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Trend trading explained

In simplest terms, trend trading is about buying and selling securities in the direction of the trend.

Normally a price trend is detected with the technical indicators. These indicators are used in two primary ways. 1) to identify the direction of trend; and 2) to measure the strength of the trend.

Trend trading can be applied to different time frames. For positional traders, trend trading involves daily or weekly positions. Intraday traders focussed on trend trades that are much shorter in duration.

How easy is trend trading? Let’s find out.

How to identify a trend for trend trading

Trend trading requires you to identify trends. Ideally, the trend indicators should detect price trends as early as possible – so that you can ‘ride’ the trend as soon as practically possible.

‘Wait a minute,’ you may ask, ‘What type of trend are we talking about?’ In terms of direction, trends move in the following ways:

  • Uptrend
  • Downtrend
  • Flat-trend

For example, Segro Plc, a UK-based property security, exhibits a long-term uptrend whereby prices move steadily higher over time. Characteristics of an uptrend include: Higher highs, higher lows, regular and short consolidations. What is the best course of action here? Buy and hold.

When a security keeps depreciating, it is said to be in a downtrend. Characteristics of a downtrend are: Lower lows, lower highs, short and sharp rebounds. One good example would be Intu (INTU), which is suffering from a persistent drop in share prices.

When a market price is neither trending up or down, it is ranging sideways. Hence we called it sideways trend. During a sideways trend, you will see prices bound on both sides. In terms of supply and demand, it is said to be in equilibrium. A good example is Johnson Matthew’s (JMAT) weekly chart. Prices have ranged in between 2,200 and 3,800p with failed breakouts on either side.

Seven Tips on Trend Trading

  1. Watch for diverging trends between different time frames. For example, a stock may exhibit a long-term uptrend but is current stuck in a medium-term downtrend. This can create confusing trend determination. In this case, you have to stick to the system. Plan ahead and ride it out.
  2. Trend measurement depends on the technical indicators you use. The most frequently used trend indicator is the moving average. Calculating a moving average involves averaging past prices to create a smoothed trend line. But it is a lagging indicator and not predictive. Others use the so-called ADX or breakout method. In most cases, trend indicators have its ups and downs. Learning as much as possible about the indicators you are using: Advantages and pitfalls.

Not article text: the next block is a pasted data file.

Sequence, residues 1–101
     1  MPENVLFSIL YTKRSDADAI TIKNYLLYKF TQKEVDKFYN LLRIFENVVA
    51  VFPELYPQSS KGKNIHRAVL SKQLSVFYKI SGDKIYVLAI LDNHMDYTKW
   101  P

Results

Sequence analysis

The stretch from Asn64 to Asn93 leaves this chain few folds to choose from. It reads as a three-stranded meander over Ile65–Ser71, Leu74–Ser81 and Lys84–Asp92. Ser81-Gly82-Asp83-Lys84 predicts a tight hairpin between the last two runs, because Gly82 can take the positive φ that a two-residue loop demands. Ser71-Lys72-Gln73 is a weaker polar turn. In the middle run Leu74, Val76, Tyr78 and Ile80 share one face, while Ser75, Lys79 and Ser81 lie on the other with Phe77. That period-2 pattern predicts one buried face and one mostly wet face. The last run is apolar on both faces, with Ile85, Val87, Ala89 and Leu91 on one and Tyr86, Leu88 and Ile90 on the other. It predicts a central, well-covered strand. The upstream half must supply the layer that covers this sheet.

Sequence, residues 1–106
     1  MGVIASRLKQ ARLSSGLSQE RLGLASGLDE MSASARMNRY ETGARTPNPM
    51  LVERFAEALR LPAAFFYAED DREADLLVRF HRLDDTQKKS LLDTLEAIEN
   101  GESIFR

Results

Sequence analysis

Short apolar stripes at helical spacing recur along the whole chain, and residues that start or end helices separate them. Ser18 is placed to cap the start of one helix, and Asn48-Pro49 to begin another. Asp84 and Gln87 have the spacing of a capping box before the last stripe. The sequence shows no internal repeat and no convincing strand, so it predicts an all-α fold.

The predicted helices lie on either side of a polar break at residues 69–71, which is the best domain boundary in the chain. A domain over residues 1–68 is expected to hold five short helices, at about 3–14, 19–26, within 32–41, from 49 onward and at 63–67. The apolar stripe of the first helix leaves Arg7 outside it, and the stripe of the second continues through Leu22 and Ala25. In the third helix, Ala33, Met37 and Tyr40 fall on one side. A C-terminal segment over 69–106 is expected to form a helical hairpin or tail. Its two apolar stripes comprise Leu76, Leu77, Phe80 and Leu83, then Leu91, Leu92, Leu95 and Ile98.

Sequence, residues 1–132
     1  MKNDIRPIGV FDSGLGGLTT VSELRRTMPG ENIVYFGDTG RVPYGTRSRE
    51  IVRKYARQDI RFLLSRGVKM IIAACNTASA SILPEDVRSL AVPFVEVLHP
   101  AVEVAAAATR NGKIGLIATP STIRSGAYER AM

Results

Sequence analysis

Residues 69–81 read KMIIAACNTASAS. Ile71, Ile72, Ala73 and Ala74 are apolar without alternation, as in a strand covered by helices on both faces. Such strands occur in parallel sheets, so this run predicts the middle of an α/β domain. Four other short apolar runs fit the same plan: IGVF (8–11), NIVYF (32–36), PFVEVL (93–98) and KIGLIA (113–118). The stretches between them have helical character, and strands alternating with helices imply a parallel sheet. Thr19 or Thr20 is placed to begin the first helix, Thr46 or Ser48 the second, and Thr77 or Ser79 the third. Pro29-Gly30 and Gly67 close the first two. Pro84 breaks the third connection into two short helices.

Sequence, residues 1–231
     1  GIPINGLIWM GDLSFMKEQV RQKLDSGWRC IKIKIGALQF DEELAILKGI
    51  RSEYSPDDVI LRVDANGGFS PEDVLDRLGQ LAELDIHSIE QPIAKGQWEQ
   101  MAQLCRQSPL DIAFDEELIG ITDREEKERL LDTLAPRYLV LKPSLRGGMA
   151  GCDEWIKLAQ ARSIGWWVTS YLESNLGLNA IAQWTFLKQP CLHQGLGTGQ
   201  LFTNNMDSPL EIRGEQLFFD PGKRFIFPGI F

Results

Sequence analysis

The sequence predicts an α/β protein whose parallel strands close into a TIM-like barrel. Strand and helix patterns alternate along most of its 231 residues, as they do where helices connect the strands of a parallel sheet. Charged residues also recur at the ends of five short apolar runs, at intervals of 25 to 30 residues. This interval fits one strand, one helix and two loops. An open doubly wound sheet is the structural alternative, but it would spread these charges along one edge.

3. The more important thing about trend indicators is not to vary the parameters too often. Once you decide to use a particular indicator, stick to it and be consistent about the parameter values. For example, you can fix three trend indicators as follows:
    1. Long-term – 150 or 200-day exponential moving average (ema)
    2. Medium-term – 100-day ema
    3. Short-term – 50-day ema
  4. Trend indicators are seldom used alone. They are often used in tandem with momentum indicators or pattern recognition. Once you have a few combinations, the system can become complex. It is best to have the fewest moving parts as possible. Backtest the overall system if possible, paying particular attention to three things:
    1. Past drawdown
    2. Past volatility
    3. Profitability
    4. Signal reliability
  5. In most trend methods, there is the possibility of ‘whipsaws’. This means that prices are not trending consistently. Sometimes up; sometimes down.  This is then filtered back to trend indicators, which then move all over the place. In this case, one either reduces the position size of each bet or move aside from trading.
  6. Diversify into multiple markets when trend trading. This is because not all securities will trend together. Sometimes, bank stocks trend upwards. At other times, government bonds or gold trend downwards. Therefore, it is best to have signals coming from a wide variety of uncorrelated markets. Start from a market that you are familiar with, before moving onwards into other markets.
  7. A risk management strategy is a must when trend trading. This is because of
    1. Trend failures – Trend aborted halfway
    2. Trend reversals – Sharp counter-trend moves driven by random factors
    3. False Trends – Signals not translated into trends

A trend – even consistent ones – can show any of the above at any time. Good trend traders will there utilise both stops and limits to protect their trades. Stops will ensure that small losses do not grow to account-killing losses. Remember, no system is going to be 100% accurate at catching every trend.

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